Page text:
Introduction T spiralis infection leads to a T cell-dependent enteropathy characterised by villus atrophy, crypt hyperplasia and an increase in Paneth and goblet cells. Paneth cells express a number of antimicrobial peptides and proteins. Our aim was to investigate changes in the expression of cationic antimicrobial peptides and proteins that are normally expressed by Paneth cells.
Methods Small intestinal epithelial cells were isolated from control mice and those infected with T spiralis. Concentrated cell extracts (in acetic acid) were studied by acid urea-polyacrylamide gel electrophoresis (AU-PAGE) and Western blot analysis. Samples with similar protein concentrations were used to assess antimicrobial activity against Escherichia coli, after 5 h of incubation at 37°C, using the following equation: antimicrobial activity = [(OD620 of control solution−OD620 of sample)/OD620 of control solution] ×100.
Results The establishment of infection with the nematode was confirmed by the presence of worms in the small intestinal lumen, changes in mucosal architecture and increase in Paneth and goblet cell numbers. In contrast to controls, AU-PAGE analysis of Paneth cell-containing small intestinal epithelial cell extracts from T spiralis-infected mice showed two prominent bands. AU-PAGE-Western blot and amino acid sequence analyses identified one of these bands to be secretory phospholipase A2. Sequences for cryptdins were detected in the second prominent band. Acid extracts of epithelial cells isolated from T spiralis-infected mice showed significantly greater antimicrobial activity, compared to those from control mice [mean 54.7 (SEM 8.7)% vs 7.3 (3.5)%; p=0.001].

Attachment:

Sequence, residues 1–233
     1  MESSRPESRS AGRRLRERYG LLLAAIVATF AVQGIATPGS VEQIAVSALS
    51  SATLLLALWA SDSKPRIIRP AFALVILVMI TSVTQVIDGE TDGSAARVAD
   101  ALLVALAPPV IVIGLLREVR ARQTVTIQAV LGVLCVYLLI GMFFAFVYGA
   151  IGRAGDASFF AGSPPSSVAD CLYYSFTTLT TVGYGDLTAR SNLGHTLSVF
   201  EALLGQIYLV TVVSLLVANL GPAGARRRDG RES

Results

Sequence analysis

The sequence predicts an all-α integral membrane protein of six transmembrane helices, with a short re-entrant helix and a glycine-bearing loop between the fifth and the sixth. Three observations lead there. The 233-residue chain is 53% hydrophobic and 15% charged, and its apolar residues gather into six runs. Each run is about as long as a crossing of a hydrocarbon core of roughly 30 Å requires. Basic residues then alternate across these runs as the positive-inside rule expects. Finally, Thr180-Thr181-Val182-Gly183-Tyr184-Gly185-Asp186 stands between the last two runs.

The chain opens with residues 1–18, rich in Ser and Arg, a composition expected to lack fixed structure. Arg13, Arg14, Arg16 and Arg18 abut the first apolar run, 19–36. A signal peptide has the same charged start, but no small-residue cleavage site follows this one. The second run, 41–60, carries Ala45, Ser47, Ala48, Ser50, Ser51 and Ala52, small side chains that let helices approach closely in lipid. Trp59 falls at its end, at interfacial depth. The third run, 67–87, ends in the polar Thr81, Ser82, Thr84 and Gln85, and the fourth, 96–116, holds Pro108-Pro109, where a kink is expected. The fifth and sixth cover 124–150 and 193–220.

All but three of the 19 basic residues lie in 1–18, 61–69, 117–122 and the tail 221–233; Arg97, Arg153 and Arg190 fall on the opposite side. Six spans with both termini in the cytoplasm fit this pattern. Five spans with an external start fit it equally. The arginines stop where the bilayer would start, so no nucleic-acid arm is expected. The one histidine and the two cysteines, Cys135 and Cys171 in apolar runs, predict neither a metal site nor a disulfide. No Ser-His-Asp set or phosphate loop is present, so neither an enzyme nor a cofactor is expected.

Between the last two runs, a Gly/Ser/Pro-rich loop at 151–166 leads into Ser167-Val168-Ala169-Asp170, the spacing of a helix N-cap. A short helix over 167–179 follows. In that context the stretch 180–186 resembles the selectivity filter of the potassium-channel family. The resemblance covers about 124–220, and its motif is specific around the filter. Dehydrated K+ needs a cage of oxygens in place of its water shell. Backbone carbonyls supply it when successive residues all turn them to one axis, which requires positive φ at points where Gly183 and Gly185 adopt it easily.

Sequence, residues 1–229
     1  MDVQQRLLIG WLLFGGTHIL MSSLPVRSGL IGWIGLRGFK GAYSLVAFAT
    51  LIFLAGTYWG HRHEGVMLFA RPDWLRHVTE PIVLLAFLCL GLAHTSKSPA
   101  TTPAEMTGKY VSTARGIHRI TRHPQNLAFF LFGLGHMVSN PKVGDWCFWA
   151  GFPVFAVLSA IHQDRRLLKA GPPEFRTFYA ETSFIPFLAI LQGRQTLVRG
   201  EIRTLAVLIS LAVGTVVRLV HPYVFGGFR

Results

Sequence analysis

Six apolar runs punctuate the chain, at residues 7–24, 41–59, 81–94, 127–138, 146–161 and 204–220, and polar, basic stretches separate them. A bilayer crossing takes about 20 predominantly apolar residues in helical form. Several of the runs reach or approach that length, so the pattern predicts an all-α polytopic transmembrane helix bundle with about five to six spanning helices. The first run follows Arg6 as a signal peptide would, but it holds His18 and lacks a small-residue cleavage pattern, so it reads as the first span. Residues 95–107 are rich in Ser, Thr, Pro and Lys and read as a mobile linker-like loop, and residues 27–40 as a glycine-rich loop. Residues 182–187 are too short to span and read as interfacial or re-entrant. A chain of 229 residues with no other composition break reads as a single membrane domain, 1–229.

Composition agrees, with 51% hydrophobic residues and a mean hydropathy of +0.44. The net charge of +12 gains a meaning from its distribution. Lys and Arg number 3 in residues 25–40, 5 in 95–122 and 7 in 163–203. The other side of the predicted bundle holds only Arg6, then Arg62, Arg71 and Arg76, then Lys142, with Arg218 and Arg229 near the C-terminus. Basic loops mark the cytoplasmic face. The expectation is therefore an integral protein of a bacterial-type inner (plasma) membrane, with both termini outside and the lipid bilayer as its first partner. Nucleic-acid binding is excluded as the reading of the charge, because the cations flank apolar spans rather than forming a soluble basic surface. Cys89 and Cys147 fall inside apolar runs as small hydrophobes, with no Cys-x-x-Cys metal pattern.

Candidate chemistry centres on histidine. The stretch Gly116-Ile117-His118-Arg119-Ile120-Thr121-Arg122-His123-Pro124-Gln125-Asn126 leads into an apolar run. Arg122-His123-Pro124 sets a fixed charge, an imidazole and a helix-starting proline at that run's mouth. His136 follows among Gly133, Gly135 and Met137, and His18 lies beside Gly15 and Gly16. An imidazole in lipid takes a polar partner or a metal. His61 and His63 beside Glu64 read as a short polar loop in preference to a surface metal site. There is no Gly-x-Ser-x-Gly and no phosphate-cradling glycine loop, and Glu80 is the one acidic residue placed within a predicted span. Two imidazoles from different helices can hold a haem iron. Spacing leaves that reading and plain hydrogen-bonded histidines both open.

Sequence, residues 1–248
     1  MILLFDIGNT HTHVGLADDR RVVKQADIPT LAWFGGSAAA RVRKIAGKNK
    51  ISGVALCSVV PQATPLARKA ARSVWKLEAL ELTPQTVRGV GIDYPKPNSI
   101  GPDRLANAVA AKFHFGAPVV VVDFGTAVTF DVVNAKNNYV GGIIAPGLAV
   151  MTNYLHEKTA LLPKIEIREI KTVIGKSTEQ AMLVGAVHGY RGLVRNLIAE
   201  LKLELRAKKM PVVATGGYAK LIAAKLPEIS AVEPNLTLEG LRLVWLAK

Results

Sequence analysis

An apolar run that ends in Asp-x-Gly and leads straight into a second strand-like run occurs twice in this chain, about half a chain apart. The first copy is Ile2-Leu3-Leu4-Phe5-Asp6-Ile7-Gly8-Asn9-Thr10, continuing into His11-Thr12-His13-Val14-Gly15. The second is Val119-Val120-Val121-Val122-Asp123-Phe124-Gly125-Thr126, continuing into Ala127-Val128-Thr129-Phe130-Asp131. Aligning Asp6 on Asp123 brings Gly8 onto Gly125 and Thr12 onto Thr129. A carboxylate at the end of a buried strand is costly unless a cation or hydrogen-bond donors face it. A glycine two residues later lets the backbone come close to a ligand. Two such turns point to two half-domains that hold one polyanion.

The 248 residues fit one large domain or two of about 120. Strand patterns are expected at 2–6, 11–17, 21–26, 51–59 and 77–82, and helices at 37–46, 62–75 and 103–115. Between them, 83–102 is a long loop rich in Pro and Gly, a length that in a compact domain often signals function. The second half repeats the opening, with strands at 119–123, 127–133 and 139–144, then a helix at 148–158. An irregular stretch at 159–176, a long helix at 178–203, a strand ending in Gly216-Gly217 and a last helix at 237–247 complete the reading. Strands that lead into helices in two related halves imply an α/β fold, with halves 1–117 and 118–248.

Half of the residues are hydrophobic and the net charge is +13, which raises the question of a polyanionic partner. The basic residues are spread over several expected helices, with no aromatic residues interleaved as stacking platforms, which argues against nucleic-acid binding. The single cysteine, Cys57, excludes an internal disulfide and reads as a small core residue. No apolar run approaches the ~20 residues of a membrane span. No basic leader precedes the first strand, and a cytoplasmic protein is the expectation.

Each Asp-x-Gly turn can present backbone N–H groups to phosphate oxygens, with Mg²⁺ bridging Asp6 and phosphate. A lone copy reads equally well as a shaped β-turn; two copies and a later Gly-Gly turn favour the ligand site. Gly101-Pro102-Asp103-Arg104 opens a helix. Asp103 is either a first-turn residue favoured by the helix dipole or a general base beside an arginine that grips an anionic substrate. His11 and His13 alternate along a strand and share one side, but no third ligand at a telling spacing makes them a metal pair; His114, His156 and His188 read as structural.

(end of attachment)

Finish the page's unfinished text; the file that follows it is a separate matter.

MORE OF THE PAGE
Conclusion Following T spiralis infection, there was an increase in small intestinal epithelial expression of secretory phospholipase A2 and cryptdins. Enhanced production of these Paneth cell-derived peptides is likely to mediate greater antimicrobial activity against luminal bacteria in T spiralis-infected small intestine.
Competing interests None declared.
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